I have installed Ubuntu 18.04 on a Dell PowerEdge R720xd using ZFS. There are two 1TB boot drives in a ZFS mirror configuration. I followed the instructions in the ZFS on Linux Wiki.

(Note: My system is using an LSI LSI00244 (9201-16i) Host-bus Adapter (HBA) instead of the onboard RAID card, since ZFS and this RAID card don't get along.)

When booting Ubuntu, it takes about ten seconds for the drives to be enumerated by the system (there are 14 drives - two for the OS and 12 for data storage that will be set up in other zpools later). However, the boot process tries to import the boot pool before the drives have been enumerated.

A BusyBox error message flashes past on the screen, and it basically says:

The pool failed to import.

Manually import the pool in this BusyBox shell and then type exit to continue the boot process.

If I wait a few seconds after that message, I see that the 14 drives get listed.

I type zpool import rpool at the BusyBox prompt, which works (confirmed with zpool list) and then exit to continue the boot process. (This then leads to my next problem, a Kernel crash, but that's a separate question.)

I tried adding rootdelay=15 to the boot options, but that doesn't seem to work since it seems to want to run that delay after the ZFS pool import.

How can I get the boot process to wait for the devices to show up before it tries to import the pool?

  • Does Ubuntu support booting from ZFS mirror? What you are trying to accomplish is trivial with FreeBSD. All my FreeBSD file servers have OS installed on the ZFS mirrors and that is done from the vanilla FreeBSD installer. I know that Alpine Linux supports booting from ZFS. FreeBSD also has beadm freebsd.org/cgi/man.cgi?query=beadm Jun 5, 2018 at 1:26
  • 1
    @PredragPunosevac Yes, Ubuntu does support it, according to multiple sources, including conversations with Ubuntu developers. What I am trying to accomplish is supposed to be trivial with Ubuntu too.
    – Moshe Katz
    Jun 5, 2018 at 1:27

2 Answers 2


I finally found this in /etc/default/zfs:

# Wait for this many seconds in the initrd mountroot?
# This delays startup and should be '0' on most systems. This might help on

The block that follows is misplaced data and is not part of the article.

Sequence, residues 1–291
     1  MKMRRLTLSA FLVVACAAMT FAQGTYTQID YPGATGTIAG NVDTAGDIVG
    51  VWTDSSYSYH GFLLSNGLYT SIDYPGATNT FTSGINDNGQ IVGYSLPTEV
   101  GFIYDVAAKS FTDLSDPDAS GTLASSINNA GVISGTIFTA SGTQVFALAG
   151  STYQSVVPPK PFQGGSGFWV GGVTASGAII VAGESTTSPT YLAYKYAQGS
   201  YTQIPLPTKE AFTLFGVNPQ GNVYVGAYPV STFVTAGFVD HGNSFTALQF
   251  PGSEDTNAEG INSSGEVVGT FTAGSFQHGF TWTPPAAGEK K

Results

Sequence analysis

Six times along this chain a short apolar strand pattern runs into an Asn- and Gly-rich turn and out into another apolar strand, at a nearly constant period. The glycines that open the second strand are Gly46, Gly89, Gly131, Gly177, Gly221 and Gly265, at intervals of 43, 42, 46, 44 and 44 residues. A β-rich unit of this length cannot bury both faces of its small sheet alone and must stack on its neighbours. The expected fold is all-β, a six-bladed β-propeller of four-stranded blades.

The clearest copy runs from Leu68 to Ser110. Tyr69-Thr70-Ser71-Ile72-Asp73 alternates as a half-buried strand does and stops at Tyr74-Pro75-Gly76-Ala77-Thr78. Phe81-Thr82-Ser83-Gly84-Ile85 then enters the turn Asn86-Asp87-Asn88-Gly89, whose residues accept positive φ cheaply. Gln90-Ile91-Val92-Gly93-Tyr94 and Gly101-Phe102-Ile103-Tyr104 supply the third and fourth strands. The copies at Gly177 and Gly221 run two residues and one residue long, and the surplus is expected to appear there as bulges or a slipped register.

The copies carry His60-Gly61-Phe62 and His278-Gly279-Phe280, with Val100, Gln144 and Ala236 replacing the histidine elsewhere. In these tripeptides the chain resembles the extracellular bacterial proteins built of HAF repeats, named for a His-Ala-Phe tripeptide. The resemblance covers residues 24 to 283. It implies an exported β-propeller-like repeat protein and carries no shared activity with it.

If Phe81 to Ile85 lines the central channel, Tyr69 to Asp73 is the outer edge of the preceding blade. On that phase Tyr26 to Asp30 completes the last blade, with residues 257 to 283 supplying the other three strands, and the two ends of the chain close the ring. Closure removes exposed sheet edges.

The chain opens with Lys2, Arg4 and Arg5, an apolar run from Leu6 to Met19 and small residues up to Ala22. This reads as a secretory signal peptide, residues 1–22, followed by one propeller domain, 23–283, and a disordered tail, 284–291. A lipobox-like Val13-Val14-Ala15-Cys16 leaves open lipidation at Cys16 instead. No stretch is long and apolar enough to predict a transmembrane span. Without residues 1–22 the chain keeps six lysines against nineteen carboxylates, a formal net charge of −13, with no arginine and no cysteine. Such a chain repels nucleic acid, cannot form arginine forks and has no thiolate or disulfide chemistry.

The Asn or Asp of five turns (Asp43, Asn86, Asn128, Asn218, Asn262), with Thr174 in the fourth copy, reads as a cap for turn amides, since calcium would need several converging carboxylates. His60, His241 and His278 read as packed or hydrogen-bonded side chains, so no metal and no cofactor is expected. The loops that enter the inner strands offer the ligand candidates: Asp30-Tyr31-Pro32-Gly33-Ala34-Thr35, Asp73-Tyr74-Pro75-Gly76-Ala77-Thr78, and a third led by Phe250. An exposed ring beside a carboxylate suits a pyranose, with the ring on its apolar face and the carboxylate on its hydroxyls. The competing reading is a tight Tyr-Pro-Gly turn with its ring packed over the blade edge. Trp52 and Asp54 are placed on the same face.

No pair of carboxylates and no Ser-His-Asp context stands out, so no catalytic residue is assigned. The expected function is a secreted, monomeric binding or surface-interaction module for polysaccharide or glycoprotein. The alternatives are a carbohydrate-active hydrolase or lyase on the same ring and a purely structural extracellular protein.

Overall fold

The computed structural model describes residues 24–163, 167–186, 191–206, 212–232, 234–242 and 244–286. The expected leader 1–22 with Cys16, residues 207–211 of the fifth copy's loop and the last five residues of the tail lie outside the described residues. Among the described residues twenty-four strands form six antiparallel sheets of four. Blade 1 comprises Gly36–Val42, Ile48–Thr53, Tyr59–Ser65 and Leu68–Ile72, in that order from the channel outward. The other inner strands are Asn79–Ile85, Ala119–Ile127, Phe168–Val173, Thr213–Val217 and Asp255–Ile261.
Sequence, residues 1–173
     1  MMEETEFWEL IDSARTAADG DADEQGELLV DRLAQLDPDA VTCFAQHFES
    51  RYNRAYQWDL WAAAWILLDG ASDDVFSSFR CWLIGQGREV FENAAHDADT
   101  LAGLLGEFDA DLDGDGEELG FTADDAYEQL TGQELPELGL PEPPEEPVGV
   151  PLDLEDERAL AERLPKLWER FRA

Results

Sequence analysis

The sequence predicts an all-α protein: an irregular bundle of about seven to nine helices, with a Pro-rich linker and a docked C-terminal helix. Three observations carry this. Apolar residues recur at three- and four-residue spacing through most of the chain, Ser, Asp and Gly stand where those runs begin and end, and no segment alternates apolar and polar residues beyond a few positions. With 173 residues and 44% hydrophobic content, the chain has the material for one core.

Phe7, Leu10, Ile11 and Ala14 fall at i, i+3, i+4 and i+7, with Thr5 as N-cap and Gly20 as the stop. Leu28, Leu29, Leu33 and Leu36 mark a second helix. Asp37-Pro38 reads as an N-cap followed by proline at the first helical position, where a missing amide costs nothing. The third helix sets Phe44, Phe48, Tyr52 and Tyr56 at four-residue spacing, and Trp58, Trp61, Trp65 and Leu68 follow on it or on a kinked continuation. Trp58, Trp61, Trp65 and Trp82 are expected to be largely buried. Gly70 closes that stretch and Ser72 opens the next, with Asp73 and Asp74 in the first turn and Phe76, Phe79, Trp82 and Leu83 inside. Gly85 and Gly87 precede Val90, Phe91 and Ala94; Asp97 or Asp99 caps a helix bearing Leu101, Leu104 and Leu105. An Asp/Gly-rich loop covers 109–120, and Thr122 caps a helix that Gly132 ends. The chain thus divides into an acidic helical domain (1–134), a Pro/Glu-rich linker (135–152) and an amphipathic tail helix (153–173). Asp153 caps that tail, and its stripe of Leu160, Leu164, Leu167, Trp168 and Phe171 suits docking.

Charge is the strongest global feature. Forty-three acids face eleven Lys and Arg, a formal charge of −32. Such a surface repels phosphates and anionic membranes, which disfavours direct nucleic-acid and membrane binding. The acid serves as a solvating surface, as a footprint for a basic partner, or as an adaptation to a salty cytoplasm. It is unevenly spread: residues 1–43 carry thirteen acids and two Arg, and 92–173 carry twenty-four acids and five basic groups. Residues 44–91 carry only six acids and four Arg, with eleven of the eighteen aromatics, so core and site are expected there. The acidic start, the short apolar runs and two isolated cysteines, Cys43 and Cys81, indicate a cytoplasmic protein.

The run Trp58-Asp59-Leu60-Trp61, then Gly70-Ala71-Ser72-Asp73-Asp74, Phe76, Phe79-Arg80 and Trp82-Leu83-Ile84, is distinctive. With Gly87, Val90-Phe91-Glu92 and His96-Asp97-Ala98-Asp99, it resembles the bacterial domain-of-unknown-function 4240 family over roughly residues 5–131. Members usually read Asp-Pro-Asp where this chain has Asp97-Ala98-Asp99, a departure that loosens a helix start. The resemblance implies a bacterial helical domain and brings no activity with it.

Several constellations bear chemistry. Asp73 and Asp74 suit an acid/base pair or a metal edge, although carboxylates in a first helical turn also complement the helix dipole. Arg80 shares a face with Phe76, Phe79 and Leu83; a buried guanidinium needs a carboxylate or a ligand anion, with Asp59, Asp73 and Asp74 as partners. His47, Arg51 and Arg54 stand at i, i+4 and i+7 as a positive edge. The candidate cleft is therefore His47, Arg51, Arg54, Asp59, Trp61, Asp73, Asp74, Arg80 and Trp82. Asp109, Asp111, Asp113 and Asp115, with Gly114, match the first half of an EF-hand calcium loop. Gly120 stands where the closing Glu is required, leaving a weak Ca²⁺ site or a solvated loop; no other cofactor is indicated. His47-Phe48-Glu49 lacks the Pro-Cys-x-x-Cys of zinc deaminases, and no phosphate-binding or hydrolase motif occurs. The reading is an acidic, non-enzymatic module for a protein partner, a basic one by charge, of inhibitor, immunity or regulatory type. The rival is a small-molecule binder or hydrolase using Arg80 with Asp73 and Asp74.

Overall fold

# systems which have their ZFS root on a USB disk that takes just a little
# longer to be available
# Only applicable for Debian GNU/Linux {dkms,initramfs}.

Here's how to set it.

  1. Boot from a Ubuntu Live CD (or any other recovery media)
  2. Import the pool to /mnt using zpool import rpool -R /mnt
  3. Bind the necessary filesyststems mount --rbind /dev /mnt/dev; mount --rbind /proc /mnt/proc; mount --rbind /sys /mnt/sys
  4. Chroot into /mnt: chroot /mnt /bin/bash --login
  5. Edit /etc/default/zfs to change the value above from 0 to 15
  6. Run update-initramfs and update-grub
  7. Exit the Chroot environment and reboot
  • Good find... But ZFS root is bad news still.
    – ewwhite
    Jun 5, 2018 at 2:19
  • 2
    @ewwhite Why? I spoke to several Ubuntu developers who are now recommending it. (Some of them say "either ZFS or BTRFS", but all of them say "if your choice is mdadm or ZFS, absolutely choose ZFS").
    – Moshe Katz
    Jun 5, 2018 at 2:21
  • Old answer, but relevant. This continues to happen on Ubuntu 20.04 Focal instances that were installed via debootstrap -- not sure if standard installations handle this differently.
    – nod
    Apr 30, 2020 at 22:21
  • @nod the reason it is still true in 20.04 is because this setting is entirely dependent on your hardware and the operating system has no way to automatically know the correct value.
    – Moshe Katz
    Apr 30, 2020 at 22:41
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    Fyi... as of Ubuntu 22.04, the ZFS_INITRD_POST_MODPROBE_SLEEP setting is no longer present in /etc/default/zfs. However, when I manually add it, it still seems to work.
    – mpb
    May 20 at 1:21

Update May 27, 2022:

I installed and ran Ubuntu 22.04 with ZFS-on-root (and an ext4 /boot partition).

However, based on problems I encountered, I recommend against using ZFS-on-root with Linux.

Specifically, it seems that: Linux + ZFS-on-root + snapshots (possibly also in combination with bind mounts and/or containers) can result in problems. More specifically: problems with snapshots.

It is possibly that these problems would be mitigated or avoided by creating one ZFS pool for the root filesystem, and a separate ZFS pool for everything else. But I have not tried this.

If you do want to try to run ZFS-on-root on Linux, I recommend first searching for both open and closed(!) issues at GitHub to familiarize yourself with the problems you may encounter.

The problem(s) I encountered seem to be mentioned in the following GitHub issues reports: 816, 4514, 9461, 9479, 9958, 10348, and possibly more.

Due to license conflicts, OpenZFS will (most probably) never be merged with the Linux kernel. Consequently, I suspect OpenZFS will never receive as much testing as a root-filesystem on Linux as will the GPL-licensed filesystems that are built directly into the Linux kernel (e.g. ext4, Btrfs, XFS).

Original answer from May 20, 2022:

As of Ubuntu 22.04, adding ZFS_INITRD_POST_MODPROBE_SLEEP='15' to /etc/default/zfs still solves the problem. (Aside: in my case, I only needed 1 second of delay.)

However, I believe it is worth pointing out that both ...


... are now deprecated and have been removed from /etc/default/zfs (note1, note2, pull request).

The rationale for the deprecation is described here.

In a nutshell, it seems that there is now a kernel command-line option of rootdelay=n that should be used instead.

If you want to see the actual OpenZFS initramfs script that uses these variables, it is here:

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